Journalism Group Releases Full List Of People, Companies Named In 'Panama Papers'
The International Consortium of Investigative Journalists just with the names of more than 300,000 people and companies included in the so-called "Panama Papers."
The database is barebones, containing the name of the entity and how its connected to an offshore account.
As we reported, hundreds of international journalists teamed up to pore over the data and they found information that tied 140 politicians from more than 50 countries to offshore companies. The documents — and the connections made with them — don't necessarily detail anything illegal, but they do shine a light on the shadowy world of offshore finances.
The database released today includes the names of more than 7,000 entities from the United States.
The name of the de-facto Republican presidential nominee Donald Trump appears numerous times, but as McClatchy reported, it doesn't mean much, because Trump sells his name to many investors with capital.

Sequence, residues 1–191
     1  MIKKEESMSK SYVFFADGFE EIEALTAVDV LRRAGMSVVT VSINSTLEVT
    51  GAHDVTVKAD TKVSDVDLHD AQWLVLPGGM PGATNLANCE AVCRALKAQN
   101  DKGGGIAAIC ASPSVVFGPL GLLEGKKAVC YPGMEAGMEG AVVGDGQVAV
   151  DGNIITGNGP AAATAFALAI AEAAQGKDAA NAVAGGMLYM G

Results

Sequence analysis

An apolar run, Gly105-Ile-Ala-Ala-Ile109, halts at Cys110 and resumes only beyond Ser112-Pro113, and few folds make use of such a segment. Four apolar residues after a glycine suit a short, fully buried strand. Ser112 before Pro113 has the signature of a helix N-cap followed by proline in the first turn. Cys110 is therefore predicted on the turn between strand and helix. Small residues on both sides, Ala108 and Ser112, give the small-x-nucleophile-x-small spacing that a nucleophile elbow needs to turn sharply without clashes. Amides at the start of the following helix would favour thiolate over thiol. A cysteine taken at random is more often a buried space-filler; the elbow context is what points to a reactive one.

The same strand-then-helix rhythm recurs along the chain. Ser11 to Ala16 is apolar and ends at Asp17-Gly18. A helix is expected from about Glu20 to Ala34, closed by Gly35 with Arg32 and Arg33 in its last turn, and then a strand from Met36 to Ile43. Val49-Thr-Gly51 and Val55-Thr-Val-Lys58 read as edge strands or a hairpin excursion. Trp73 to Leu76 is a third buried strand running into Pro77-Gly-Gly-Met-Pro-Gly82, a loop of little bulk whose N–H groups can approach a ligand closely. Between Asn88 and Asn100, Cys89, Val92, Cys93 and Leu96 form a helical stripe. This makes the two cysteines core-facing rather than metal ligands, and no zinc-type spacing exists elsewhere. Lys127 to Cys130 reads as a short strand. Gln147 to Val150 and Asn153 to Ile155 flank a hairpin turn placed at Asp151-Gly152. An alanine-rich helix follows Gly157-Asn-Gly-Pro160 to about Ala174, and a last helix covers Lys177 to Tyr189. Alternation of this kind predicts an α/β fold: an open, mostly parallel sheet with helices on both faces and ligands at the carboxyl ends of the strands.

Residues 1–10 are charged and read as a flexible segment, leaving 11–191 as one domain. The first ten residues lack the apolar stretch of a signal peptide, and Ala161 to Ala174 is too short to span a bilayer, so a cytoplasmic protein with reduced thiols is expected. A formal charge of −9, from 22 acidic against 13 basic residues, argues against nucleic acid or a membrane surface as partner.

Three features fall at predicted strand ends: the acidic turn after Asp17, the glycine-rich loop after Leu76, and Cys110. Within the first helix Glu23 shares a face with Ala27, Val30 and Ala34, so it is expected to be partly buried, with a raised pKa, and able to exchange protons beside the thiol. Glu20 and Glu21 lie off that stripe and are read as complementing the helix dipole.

"That's the case with the Trump Ocean Club International Hotel & Tower in Panama. In the law firm's files, it is the most frequent association with Trump's name, since his business partners in the project appear as buyers of condo units, some of whom create offshore shell companies with Mossack Fonseca for the purchase."
The Washington Post ran a story today that finds that at least 36 Americans listed in the database have been "accused of fraud or other serious financial misconduct."
The paper adds:
"Some of the Americans have been convicted of fraud or other crimes. They include Martin Frankel, a Connecticut financier who pleaded guilty in 2002 to 20 counts of wire fraud as well as counts of securities fraud and racketeering conspiracy, and Andrew Wiederhorn, an Oregon corporate executive who pleaded guilty to two felonies in a case tied to one of the largest corporate scandals in Oregon history. Frankel could not be reached for comment. Wiederhorn said the offshore company linked to him in the Mossack Fonseca files was used for legitimate overseas real estate investments.
"Others have been sued in civil cases launched by securities regulators or private plaintiffs. Among them are six Americans who were accused in a lawsuit in federal court in Washington state of using an offshore company set up through Mossack Fonseca, Dressel Investment Ltd., to run a Ponzi scheme that cost thousands of middle-class Indonesians nearly $100 million."
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